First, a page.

Steinzor kicked off her testimony with a short litany of regulatory …
Today, Center for Progressive Reform President Rena Steinzor will testify at a Senate Hearing hosted by the Judiciary Committee entitled "Justice Delayed: the Human Cost of Regulatory Paralysis."
Steinzor's testimony can be read in full here.
According to her testimony:
The subcommittee deserves tremendous credit for airing the truth about the public health regulations that agencies are writing as directed by Congress. The costs of delay are as real as they should be unnecessary, given the clear mandates of the law. Unfortunately, the overwhelming clout of Fortune 100 companies and their relentless, self-serving effort to ignore the great benefits provided by these essential protections has dominated the airwaves.
One does not need to look far to see how essential regulations are. Just ask anyone whose life was saved by a seat belt, whose children escaped brain damage because the EPA took lead out of gas, who …
Last week, The Hill published an opinion piece by Center for Progressive Reform Member Scholar Robert Verchick.
The piece entitled, "Politics and progress: Will the White House stall its own climate change plans?" can be read here.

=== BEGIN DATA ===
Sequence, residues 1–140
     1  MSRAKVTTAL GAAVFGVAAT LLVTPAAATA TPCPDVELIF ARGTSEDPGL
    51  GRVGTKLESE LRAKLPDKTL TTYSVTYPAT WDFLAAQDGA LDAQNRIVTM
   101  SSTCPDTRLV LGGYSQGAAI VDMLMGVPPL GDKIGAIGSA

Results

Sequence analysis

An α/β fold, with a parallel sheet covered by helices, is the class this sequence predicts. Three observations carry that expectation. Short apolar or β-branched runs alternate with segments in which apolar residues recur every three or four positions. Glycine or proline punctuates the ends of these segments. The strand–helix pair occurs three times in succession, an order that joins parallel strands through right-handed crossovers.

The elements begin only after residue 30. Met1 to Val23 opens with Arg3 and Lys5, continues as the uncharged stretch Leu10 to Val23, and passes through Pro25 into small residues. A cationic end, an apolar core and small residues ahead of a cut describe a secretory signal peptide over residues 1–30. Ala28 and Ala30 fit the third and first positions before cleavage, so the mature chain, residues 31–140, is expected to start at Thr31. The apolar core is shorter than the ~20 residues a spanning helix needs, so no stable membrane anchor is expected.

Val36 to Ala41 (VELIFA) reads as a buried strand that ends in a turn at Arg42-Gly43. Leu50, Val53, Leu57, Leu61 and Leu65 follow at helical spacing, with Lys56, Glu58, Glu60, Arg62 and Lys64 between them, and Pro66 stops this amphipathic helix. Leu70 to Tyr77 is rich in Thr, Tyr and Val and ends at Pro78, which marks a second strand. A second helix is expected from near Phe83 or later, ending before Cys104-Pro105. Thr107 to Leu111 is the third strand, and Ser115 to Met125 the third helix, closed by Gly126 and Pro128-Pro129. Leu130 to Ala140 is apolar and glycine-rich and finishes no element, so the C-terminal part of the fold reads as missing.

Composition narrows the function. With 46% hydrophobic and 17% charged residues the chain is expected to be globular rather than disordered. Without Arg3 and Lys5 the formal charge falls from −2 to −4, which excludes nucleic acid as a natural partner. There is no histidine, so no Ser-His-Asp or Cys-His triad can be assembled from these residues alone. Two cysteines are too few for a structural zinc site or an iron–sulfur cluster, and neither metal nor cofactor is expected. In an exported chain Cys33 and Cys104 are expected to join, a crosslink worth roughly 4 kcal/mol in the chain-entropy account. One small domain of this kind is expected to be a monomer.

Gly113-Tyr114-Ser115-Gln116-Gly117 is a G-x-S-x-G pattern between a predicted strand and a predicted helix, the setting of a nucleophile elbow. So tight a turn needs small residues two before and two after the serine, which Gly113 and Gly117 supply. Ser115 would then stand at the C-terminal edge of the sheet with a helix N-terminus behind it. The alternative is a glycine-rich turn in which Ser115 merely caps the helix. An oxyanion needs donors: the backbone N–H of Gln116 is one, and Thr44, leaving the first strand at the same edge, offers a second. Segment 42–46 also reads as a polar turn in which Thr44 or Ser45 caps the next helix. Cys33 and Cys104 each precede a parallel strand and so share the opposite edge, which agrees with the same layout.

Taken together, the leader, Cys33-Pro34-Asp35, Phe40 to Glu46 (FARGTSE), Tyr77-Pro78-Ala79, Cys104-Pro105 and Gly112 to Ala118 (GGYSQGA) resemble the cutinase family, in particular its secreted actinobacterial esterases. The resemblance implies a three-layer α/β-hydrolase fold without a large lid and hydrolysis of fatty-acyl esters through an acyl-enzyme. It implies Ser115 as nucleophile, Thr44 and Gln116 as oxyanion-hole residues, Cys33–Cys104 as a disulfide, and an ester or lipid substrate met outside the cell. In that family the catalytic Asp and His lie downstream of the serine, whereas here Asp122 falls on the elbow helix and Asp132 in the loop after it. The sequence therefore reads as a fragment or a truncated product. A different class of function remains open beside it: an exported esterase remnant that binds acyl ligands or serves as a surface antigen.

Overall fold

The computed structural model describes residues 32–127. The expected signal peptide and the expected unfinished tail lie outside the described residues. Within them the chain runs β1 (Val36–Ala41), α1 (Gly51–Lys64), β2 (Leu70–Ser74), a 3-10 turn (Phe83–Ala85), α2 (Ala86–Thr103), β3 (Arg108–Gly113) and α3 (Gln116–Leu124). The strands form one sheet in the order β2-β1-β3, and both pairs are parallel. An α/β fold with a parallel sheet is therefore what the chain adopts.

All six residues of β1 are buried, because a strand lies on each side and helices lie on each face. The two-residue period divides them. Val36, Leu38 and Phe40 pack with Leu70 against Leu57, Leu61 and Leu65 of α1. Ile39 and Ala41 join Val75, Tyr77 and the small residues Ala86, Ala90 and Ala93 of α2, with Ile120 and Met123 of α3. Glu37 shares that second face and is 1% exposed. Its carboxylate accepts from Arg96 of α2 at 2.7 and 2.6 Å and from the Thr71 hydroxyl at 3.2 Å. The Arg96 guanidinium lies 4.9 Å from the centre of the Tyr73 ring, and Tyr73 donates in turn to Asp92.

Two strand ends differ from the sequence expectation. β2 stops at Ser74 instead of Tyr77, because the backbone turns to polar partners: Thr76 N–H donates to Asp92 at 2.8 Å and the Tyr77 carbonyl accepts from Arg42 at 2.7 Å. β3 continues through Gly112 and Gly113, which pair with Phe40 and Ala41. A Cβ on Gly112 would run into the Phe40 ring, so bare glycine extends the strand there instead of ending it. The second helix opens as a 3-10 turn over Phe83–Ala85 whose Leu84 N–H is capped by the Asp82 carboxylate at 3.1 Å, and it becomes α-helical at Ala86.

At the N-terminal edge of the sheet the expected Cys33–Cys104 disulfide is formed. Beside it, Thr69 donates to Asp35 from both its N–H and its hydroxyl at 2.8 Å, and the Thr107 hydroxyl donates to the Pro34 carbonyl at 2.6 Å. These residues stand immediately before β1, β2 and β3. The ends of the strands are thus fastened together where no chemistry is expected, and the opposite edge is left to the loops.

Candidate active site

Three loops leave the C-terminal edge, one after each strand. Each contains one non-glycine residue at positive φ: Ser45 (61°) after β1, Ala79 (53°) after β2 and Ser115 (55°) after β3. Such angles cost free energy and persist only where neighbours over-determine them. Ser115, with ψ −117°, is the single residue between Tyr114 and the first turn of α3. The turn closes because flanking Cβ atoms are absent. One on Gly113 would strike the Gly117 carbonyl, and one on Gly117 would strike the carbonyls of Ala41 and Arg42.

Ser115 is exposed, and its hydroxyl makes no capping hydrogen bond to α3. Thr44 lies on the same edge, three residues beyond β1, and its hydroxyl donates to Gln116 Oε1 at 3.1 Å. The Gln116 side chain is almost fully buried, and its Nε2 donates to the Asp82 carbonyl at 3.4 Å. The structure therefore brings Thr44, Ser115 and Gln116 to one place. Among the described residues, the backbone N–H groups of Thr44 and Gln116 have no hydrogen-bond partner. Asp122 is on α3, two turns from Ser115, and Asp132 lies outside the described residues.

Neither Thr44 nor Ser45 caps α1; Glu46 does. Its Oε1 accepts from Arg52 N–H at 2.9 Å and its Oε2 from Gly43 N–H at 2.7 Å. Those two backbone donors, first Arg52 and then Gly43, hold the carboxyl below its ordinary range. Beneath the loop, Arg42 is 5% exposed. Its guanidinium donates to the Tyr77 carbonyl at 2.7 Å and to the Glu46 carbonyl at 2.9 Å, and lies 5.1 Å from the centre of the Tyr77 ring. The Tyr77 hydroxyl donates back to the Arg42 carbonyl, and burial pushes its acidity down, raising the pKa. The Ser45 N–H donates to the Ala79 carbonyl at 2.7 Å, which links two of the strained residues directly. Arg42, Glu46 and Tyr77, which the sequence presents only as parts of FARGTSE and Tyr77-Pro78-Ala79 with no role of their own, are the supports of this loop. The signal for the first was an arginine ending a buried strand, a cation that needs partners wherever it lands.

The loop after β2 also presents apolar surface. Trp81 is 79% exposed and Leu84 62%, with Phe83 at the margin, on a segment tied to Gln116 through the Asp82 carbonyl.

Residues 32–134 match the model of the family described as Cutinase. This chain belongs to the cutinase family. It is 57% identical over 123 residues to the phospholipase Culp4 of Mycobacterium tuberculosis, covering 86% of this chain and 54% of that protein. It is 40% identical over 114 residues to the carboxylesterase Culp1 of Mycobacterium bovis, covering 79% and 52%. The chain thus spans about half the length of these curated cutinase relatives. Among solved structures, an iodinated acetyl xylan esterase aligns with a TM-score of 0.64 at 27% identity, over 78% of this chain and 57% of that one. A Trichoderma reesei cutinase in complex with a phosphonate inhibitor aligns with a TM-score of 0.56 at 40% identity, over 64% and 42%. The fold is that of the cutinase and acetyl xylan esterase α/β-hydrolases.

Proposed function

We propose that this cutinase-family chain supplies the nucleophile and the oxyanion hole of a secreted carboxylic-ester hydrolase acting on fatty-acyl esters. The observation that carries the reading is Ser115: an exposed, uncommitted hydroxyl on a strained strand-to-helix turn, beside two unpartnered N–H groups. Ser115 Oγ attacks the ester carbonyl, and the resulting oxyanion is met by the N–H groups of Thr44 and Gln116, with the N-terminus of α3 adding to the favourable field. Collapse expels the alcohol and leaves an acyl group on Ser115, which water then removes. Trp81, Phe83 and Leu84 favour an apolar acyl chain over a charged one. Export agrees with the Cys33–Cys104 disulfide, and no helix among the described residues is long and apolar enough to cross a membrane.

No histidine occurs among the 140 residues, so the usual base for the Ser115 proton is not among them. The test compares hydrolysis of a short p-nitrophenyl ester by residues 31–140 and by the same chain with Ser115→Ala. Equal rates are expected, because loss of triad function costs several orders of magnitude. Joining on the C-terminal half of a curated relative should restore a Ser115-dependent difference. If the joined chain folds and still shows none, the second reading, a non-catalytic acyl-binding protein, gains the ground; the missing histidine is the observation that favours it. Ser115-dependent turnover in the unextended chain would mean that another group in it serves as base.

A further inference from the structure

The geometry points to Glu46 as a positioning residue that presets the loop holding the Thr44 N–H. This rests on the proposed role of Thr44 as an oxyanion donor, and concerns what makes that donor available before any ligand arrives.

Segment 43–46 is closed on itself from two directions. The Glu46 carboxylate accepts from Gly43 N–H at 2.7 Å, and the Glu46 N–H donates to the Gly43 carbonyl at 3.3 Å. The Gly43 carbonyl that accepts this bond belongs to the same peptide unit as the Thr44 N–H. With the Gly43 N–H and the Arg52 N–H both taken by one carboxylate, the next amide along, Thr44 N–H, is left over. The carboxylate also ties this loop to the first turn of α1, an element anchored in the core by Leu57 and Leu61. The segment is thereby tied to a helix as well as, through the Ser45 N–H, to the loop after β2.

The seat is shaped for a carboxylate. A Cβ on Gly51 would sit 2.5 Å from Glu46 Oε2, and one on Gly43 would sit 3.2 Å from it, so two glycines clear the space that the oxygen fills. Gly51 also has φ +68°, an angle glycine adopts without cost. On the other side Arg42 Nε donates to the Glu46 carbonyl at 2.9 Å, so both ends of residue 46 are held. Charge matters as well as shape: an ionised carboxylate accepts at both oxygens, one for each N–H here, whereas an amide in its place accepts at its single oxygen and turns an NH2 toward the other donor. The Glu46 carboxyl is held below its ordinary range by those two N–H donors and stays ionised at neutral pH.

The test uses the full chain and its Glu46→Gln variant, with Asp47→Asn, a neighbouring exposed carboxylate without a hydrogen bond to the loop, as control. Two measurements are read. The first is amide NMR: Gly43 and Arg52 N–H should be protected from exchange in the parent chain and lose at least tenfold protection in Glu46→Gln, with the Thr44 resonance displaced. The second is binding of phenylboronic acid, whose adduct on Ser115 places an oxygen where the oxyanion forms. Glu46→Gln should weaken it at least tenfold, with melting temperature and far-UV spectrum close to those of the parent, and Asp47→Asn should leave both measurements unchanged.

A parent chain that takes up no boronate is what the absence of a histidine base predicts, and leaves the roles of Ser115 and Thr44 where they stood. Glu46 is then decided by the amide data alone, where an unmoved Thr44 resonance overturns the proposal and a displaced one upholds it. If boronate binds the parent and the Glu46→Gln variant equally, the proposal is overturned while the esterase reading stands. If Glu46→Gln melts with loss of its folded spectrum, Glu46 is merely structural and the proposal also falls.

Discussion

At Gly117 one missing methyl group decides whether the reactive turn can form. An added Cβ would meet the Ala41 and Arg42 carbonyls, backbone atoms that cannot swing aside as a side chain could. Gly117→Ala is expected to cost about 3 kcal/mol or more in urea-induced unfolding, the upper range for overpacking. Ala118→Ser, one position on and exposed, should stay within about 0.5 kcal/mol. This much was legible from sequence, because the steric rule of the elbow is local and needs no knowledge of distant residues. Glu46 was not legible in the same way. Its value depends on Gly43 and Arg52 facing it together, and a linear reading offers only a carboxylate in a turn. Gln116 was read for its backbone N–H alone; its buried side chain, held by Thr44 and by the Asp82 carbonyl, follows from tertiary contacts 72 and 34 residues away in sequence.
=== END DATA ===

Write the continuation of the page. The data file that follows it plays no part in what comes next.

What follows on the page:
According to Verchick:
Under its statutory authority, EPA has ample power to write rules limiting power plant emissions, for example. But since the Reagan administration, all “major” rules—those seen as important to national policy—have been funneled into a little-known process of review, conducted by the White House Office of Information and Regulatory Affairs (OIRA). It may be the most important government office you've never heard of —the depot through which all regulatory freight must pass, the ganglia of the president’s rulemaking.
By executive order, OIRA is required to review submitted agency proposals within 90 days. For the most part, past administrations have kept up the pace …
This morning, the House Energy and Commerce Subcommittee is expected to advance the "Energy Consumer Relief Act" for consideration. The Act would allow the head of the Department of Energy to veto any rules promulgated by the EPA with estimated "costs" of over $1 billion.
Center for Progressive Reform President Rena Steinzor testified against the bill in April at a Legislative Hearing.
Below is Steinzor's reaction to the Committee's movement of the Act: